Books by David Morin:

    Problems in Mechanics cover

Problems and Solutions in Introductory Mechanics (David Morin)

Self-published (so that I could keep the price low) through CreateSpace, 2014, 352 pages.
Intended audience: High-school AP or college freshmen.
Buy online (Amazon)
Paperback: $15.95

Kindle eBook:
$5.95 (or free if you buy the paperback). Unfortunately, Kindle's wrapping text ruins the formatting. I therefore recommend the paperback, which looks much nicer and is much easier to read. You can add on the Kindle version for free. If you do buy the Kindle version and read it on your computer with the (free) Kindle app, I recommend using the "Aa" button to adjust the font size and words per line until the formatting vaguely resembles the formatting in the sample pdf files below.

Back cover (concise description of book)
Preface
Table of contents
Sample chapters:
   Chap1 (Problem-solving strategies)
   Chap2 (Kinematics in 1-D)
   Chap3 (Kinematics in 2-D (and 3-D))
   Chap4 (F=ma)

Note 1: I generated the book's material during the dozen times I've taught Harvard's introductory mechanics course (Physics 15a).
Note 2
: While the book is calculus-based, it can also easily be used in algebra-based courses. The problems that require calculus (only a sixth of the total number) are listed in an appendix, allowing students to steer clear of those if they wish.
Note 3: This book (the blue book) is written for a more general audience than Introduction to Classical Mechanics (the red book below). The blue-book problems are similar to the one-star and two-star problems in the red book. The red book contains many harder problems and more advanced topics. The blue book can be viewed as a stepping stone to the red book.

Electricity and Magnetism cover

Electricity and Magnetism, 3rd edition (Edward Purcell and David Morin)

Cambridge University Press, 2013.
Intended audience: Honors college freshmen or upper-level college.
Preface (describes the changes and additions I have made)
Corrections/typos/errata/clarifications (pdf)
Instructor support
Google books
Q&A in Physics Today online
Buy online (Amazon)
Note: If you are reading an electronic pdf version of this book, it is an illegal pirated file. If you find it useful/enjoyable, please consider buying the actual book, which is very reasonably priced.

Introduction to Classical Mechanics cover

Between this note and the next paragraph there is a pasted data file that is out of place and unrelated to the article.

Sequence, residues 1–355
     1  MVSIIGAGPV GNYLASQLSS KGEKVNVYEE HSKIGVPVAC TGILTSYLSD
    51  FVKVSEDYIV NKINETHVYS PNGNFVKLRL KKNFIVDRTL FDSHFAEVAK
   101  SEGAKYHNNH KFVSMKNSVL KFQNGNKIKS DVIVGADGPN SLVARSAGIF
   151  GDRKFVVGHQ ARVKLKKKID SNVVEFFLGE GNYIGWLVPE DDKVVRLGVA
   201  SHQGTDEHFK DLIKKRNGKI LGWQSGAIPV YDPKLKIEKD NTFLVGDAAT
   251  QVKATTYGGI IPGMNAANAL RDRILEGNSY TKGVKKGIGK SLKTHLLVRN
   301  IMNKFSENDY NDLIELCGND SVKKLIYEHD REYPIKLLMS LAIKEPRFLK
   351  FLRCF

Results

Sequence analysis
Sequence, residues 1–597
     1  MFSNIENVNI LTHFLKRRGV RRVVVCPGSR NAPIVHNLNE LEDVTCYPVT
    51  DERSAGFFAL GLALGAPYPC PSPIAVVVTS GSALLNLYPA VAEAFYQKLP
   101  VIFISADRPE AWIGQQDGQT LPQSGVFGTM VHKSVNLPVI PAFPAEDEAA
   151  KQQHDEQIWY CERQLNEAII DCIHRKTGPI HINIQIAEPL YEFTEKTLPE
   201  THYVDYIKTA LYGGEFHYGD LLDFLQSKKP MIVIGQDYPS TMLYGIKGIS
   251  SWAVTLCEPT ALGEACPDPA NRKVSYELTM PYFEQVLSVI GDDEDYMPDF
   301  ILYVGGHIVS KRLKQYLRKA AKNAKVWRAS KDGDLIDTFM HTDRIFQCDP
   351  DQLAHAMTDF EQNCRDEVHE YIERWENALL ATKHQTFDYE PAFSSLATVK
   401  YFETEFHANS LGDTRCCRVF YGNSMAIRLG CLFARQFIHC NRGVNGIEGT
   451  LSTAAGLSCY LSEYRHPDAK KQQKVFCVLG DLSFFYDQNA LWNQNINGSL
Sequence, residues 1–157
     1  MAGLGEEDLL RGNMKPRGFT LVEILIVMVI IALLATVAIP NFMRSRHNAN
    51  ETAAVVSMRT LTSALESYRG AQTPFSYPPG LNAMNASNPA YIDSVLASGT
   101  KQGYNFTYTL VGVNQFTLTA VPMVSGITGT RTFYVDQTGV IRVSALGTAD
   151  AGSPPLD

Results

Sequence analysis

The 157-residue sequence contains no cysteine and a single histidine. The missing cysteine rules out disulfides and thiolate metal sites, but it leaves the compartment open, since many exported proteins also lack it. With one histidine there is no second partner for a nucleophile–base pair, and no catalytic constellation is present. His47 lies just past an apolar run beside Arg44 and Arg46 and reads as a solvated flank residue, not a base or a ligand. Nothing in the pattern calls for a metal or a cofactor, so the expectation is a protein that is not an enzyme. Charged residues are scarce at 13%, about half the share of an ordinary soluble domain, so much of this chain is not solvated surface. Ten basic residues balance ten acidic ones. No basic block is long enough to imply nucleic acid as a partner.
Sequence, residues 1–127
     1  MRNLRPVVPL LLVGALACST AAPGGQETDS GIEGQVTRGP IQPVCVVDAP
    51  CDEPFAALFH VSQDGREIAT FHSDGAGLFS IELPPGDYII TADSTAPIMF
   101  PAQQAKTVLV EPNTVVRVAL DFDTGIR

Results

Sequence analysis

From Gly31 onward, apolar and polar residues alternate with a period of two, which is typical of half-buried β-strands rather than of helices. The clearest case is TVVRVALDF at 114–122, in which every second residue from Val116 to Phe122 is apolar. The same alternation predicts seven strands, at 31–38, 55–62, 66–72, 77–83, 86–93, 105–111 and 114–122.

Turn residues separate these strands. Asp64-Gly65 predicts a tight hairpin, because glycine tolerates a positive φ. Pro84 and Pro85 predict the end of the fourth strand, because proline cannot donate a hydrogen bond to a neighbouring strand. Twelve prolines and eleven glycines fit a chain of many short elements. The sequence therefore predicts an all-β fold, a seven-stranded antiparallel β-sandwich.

Introduction to Classical Mechanics (David Morin)

Cambridge University Press, 2008.
Intended audience: Honors college freshmen or upper-level college.
Description of the book
Corrections/typos/errata/clarifications (pdf)
Sample chapters (pdf draft versions):
   Contents/Preface
   Chap1 (Strategies for solving problems)
   Chap6 (The Lagrangian method)
   Chap11 (Relativity - kinematics)
Index to limericks, by first line
Instructor support via Cambridge University Press website (solutions, exam/desk copies, etc.)
Google books
Buy online (Amazon)
Note: If you are reading an electronic pdf version of this book, it is an illegal pirated file. If you find it useful/enjoyable, please consider buying the actual book, which is extremely reasonably priced.
Additional material: Version 2 of Chapter 15 on Hamiltonian Mechanics is posted. (Section titles: Energy, Hamilton's equations, Legendre transforms, Three more derivations, Phase space and Liouville's theorem.) It has the same text as Version 1 but contains some new problems and exercises.


Other works in progress:

Probability:

On the math side of things, an introduction to combinatorics and probability is located here (Version 4, August 30, 2009). This file contains the first three chapters (plus some appendices) of a potential book on Probability and Statistics. It does not assume knowledge of calculus. The first three chapters are titled "Combinatorics," "Probability," and "Distributions." And Appendix B gives a nice little introduction to the natural logarithm, e.

Waves:

The following files are a beginning draft of a Waves book designed for college sophomores. The Fourier and Interference chapters are a little more polished than the others. There will certainly be typos and things that I will change, but there's a lot of nice material here as it stands. There will also eventually be chapters on optics and water waves.
   1. Oscillations
   2. Normal modes
   3. Fourier analysis
   4. Transverse waves
   5. Longitudinal waves
   6. Dispersion
   7. 2D waves and other topics
   8. Electromagnetic waves
   9. Interference and diffraction
   10. Intro to Quantum Mechanics

Additional material:

Problem of the week: A set of (very hefty) problems, some of which appear in "Introduction to Classical Mechanics," is located here.

Limericks: Many of the limericks in "Introduction to Classical Mechanics," along with ones on other topics, can be found with annotation here.

More humor: If you like the limericks, here's some more physics humor.

Contact: morin@physics.harvard.edu

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